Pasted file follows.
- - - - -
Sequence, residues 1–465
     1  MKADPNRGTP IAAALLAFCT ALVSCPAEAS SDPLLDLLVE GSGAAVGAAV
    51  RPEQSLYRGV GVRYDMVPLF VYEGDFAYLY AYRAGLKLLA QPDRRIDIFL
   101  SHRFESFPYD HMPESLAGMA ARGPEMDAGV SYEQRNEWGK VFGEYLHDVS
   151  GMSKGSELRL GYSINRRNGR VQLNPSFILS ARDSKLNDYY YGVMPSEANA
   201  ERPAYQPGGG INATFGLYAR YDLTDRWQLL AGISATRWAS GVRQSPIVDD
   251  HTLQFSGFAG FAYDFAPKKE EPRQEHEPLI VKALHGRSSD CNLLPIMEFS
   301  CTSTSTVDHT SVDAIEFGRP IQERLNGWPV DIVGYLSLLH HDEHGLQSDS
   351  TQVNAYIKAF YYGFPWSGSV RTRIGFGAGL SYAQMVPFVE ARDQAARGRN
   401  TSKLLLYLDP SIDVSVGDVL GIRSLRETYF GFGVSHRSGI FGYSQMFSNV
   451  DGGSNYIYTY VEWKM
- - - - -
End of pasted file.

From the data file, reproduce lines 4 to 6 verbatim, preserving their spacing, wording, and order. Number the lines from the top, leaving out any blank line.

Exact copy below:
   101  SHRFESFPYD HMPESLAGMA ARGPEMDAGV SYEQRNEWGK VFGEYLHDVS
   151  GMSKGSELRL GYSINRRNGR VQLNPSFILS ARDSKLNDYY YGVMPSEANA
   201  ERPAYQPGGG INATFGLYAR YDLTDRWQLL AGISATRWAS GVRQSPIVDD